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http://epignosis.bandcamp.com" rel="nofollow - Listen to the new Epignosis album for free- it's good for your health


Posted By: The.Crimson.King
Date Posted: July 11 2013 at 17:55
Originally posted by Epignosis

Originally posted by Ambient Hurricanes

Originally posted by maani

There would seem to be a rather simple answer to this question. Unless one plays every instrument, sings, writes lyrics, and produces (including mixing), it is all but impossible for any "progressive" project to be "one-man." Having said that, there are probably a handful of people who could pull this off, but none of them have done so (at least that I am aware of).



http://www.progarchives.com/artist.asp?id=4642" rel="nofollow - http://www.progarchives.com/artist.asp?id=4642

I bet Steven Wilson could do it, too (although I don't know if he plays drums or not)


I do it, and I don't play drums.  Tongue
Me too, and I do play drums LOL


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I'm using the chicken to measure it.


Posted By: Epignosis
Date Posted: July 11 2013 at 17:58
Originally posted by The.Crimson.King

Originally posted by Epignosis

Originally posted by Ambient Hurricanes

Originally posted by maani

There would seem to be a rather simple answer to this question. Unless one plays every instrument, sings, writes lyrics, and produces (including mixing), it is all but impossible for any "progressive" project to be "one-man." Having said that, there are probably a handful of people who could pull this off, but none of them have done so (at least that I am aware of).



http://www.progarchives.com/artist.asp?id=4642" rel="nofollow - http://www.progarchives.com/artist.asp?id=4642

I bet Steven Wilson could do it, too (although I don't know if he plays drums or not)


I do it, and I don't play drums.  Tongue
Me too, and I do play drums LOL


Excellent- is there a track of yours you'd recommend right off?


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http://epignosis.bandcamp.com" rel="nofollow - Listen to the new Epignosis album for free- it's good for your health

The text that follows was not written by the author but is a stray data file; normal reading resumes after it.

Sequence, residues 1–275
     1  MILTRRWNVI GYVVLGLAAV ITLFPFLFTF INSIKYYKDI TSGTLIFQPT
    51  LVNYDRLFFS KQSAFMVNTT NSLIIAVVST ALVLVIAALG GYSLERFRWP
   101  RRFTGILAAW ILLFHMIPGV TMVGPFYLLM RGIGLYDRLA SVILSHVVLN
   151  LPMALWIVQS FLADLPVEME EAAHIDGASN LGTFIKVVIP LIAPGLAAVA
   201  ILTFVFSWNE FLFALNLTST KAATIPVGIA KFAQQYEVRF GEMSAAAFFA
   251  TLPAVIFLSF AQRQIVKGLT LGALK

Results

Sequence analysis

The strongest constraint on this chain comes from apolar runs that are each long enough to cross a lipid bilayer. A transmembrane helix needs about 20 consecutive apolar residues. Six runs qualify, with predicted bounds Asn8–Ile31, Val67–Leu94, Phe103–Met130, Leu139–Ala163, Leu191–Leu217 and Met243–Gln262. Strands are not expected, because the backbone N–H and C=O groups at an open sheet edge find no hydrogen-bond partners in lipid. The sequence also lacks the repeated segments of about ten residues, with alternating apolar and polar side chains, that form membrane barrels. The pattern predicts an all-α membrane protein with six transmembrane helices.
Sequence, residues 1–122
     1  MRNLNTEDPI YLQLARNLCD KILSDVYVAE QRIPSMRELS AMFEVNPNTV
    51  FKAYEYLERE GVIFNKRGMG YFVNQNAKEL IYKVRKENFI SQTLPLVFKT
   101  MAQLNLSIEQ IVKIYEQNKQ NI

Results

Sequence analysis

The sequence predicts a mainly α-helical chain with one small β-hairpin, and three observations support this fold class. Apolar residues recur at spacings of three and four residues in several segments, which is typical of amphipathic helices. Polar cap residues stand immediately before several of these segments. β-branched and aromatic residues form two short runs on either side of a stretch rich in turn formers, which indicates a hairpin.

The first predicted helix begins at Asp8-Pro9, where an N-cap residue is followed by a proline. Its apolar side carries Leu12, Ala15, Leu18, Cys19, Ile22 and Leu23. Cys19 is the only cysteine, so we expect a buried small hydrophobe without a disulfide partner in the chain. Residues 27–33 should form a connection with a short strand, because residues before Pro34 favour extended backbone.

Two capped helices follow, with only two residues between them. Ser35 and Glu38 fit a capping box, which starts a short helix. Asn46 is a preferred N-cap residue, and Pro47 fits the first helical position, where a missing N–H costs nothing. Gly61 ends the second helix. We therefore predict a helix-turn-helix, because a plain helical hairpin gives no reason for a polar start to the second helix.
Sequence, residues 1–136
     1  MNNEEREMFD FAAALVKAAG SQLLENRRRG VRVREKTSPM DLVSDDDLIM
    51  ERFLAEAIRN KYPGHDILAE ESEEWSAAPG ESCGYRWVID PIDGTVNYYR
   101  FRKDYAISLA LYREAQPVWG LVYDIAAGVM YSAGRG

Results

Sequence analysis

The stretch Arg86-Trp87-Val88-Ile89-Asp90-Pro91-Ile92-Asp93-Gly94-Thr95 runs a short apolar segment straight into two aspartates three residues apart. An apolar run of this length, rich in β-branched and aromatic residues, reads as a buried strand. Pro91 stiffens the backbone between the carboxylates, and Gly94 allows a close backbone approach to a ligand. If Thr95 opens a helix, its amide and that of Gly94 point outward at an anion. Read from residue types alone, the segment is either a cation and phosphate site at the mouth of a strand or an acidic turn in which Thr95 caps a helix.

Posted By: The.Crimson.King
Date Posted: July 11 2013 at 18:08
Originally posted by Epignosis

Originally posted by The.Crimson.King

Originally posted by Epignosis

Originally posted by Ambient Hurricanes

Originally posted by maani

There would seem to be a rather simple answer to this question. Unless one plays every instrument, sings, writes lyrics, and produces (including mixing), it is all but impossible for any "progressive" project to be "one-man." Having said that, there are probably a handful of people who could pull this off, but none of them have done so (at least that I am aware of).



http://www.progarchives.com/artist.asp?id=4642" rel="nofollow - http://www.progarchives.com/artist.asp?id=4642

I bet Steven Wilson could do it, too (although I don't know if he plays drums or not)


I do it, and I don't play drums.  Tongue
Me too, and I do play drums LOL


Excellent- is there a track of yours you'd recommend right off?

Sure, it's the 2nd on the playlist called, "I Can't Stop It" and it lives here:

http://www.youtube.com/watch?v=yHeCwZ7Yxqs&list=PLL3YgbXK9mtBVvMOEPpq-ysCPlGld7zCF&index=2" rel="nofollow - http://www.youtube.com/watch?v=yHeCwZ7Yxqs&list=PLL3YgbXK9mtBVvMOEPpq-ysCPlGld7zCF&index=2

Thanks for asking Big smile


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I'm using the chicken to measure it.